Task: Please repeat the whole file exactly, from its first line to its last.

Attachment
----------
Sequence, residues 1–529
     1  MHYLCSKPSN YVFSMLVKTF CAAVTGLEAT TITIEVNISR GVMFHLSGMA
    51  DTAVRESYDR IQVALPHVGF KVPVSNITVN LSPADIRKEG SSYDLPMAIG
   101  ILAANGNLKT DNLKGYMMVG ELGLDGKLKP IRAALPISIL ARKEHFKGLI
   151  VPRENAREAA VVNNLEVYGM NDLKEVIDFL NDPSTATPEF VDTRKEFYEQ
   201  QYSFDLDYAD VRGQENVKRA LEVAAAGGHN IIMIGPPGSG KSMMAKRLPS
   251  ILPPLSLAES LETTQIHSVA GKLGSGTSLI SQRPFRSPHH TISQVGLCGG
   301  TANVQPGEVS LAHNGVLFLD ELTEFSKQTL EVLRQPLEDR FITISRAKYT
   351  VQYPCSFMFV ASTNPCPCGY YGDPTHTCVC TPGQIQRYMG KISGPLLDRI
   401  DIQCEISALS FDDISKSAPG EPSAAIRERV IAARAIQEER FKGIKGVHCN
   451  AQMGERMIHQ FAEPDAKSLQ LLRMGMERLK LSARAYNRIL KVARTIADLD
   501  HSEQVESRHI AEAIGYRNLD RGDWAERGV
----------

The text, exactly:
Sequence, residues 1–529
     1  MHYLCSKPSN YVFSMLVKTF CAAVTGLEAT TITIEVNISR GVMFHLSGMA
    51  DTAVRESYDR IQVALPHVGF KVPVSNITVN LSPADIRKEG SSYDLPMAIG
   101  ILAANGNLKT DNLKGYMMVG ELGLDGKLKP IRAALPISIL ARKEHFKGLI
   151  VPRENAREAA VVNNLEVYGM NDLKEVIDFL NDPSTATPEF VDTRKEFYEQ
   201  QYSFDLDYAD VRGQENVKRA LEVAAAGGHN IIMIGPPGSG KSMMAKRLPS
   251  ILPPLSLAES LETTQIHSVA GKLGSGTSLI SQRPFRSPHH TISQVGLCGG
   301  TANVQPGEVS LAHNGVLFLD ELTEFSKQTL EVLRQPLEDR FITISRAKYT
   351  VQYPCSFMFV ASTNPCPCGY YGDPTHTCVC TPGQIQRYMG KISGPLLDRI
   401  DIQCEISALS FDDISKSAPG EPSAAIRERV IAARAIQEER FKGIKGVHCN
   451  AQMGERMIHQ FAEPDAKSLQ LLRMGMERLK LSARAYNRIL KVARTIADLD
   501  HSEQVESRHI AEAIGYRNLD RGDWAERGV